Espinal, Biggio, and Merrifield embracing fluid roles in Blue Jays' post-season push

Santiago Espinal, left, and Cavan Biggio, seen here in 2020, have come up together with the Blue Jays. And now they find themselves sharing time on the field. (Adrian Kraus/AP)

BALTIMORE — Consider Santiago Espinal. He was playing in MLB’s All-Star Game just seven weeks ago after posting an .801 OPS through mid-June and seizing an everyday job as the Toronto Blue Jays' second baseman. He’s been a part-time player since the beginning of August, starting only 20 of his team’s 34 games over that span.

Consider Cavan Biggio. He lost his early-season platoon role opposite Espinal, missed over two weeks with Covid-19, spent another couple weeks at triple-A, and earned most of his playing time as a corner outfield or first base spot starter upon his return. He’s been playing just as often as Espinal lately, with 17 starts since the beginning of August.

Consider Whit Merrifield. He started all 84 games the Kansas City Royals played up until July 9 when he suffered a bone bruise fouling a ball off his foot, and led MLB in hits and games played since 2018 when he was acquired by the Blue Jays a little over a month ago. He’s started only nine of Toronto’s last 22 games.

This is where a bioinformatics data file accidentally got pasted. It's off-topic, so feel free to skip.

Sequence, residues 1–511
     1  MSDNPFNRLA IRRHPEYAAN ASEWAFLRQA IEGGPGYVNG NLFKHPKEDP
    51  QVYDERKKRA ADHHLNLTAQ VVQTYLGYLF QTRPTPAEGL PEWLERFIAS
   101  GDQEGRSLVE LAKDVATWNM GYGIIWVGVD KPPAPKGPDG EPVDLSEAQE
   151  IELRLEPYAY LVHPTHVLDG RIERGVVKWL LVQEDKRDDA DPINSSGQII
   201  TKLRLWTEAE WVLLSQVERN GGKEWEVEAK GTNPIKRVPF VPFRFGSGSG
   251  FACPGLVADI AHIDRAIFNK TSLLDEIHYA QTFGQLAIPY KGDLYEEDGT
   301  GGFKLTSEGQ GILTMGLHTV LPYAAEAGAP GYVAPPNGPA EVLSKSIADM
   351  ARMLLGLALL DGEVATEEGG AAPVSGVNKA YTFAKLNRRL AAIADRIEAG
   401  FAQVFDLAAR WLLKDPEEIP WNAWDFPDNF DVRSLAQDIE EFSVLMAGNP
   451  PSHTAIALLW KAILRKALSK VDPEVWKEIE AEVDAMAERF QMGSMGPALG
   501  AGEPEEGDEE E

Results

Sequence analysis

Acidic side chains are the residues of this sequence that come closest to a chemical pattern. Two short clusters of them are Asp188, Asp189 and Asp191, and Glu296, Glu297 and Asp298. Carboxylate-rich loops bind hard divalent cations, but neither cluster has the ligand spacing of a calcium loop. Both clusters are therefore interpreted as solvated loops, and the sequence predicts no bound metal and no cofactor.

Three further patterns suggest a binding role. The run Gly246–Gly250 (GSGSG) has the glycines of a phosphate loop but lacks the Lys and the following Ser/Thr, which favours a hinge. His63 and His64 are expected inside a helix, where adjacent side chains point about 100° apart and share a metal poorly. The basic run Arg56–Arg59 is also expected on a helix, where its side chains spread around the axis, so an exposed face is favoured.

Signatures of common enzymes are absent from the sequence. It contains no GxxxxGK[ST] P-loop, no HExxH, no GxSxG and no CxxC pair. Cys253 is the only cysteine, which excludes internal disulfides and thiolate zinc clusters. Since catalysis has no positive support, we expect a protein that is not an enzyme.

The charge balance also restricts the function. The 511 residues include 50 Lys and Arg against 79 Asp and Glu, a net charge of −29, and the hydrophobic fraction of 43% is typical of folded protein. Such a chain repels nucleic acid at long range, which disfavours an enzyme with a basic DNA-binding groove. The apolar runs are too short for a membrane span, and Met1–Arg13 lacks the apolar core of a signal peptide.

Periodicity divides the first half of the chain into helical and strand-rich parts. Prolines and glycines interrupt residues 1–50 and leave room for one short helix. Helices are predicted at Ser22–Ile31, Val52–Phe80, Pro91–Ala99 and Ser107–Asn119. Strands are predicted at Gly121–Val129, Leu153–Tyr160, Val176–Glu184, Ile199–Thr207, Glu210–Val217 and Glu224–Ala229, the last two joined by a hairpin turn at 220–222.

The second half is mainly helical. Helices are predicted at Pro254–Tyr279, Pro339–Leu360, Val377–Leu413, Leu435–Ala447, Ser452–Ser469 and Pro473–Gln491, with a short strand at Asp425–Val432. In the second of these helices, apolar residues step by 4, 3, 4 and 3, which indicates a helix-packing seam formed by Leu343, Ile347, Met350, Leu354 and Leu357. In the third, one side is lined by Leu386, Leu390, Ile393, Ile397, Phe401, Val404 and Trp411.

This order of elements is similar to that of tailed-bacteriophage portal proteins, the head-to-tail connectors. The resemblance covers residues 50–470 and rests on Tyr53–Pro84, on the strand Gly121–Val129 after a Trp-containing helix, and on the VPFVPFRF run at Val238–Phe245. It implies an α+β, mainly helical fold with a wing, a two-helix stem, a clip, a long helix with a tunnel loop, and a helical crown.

Those are the three players Blue Jays interim manager John Schneider is considering at second base each night as he fills out his lineup card. And depending on recent performance, matchups, track records, offensive profile, defensive ability, base running, and just a little bit of gut feel, he’s liable to choose any one of them on any given night. That’s been the case over Toronto’s last five series, a span in which Espinal has started seven of Toronto’s games at second, Biggio has started five, and Merrifield has started four.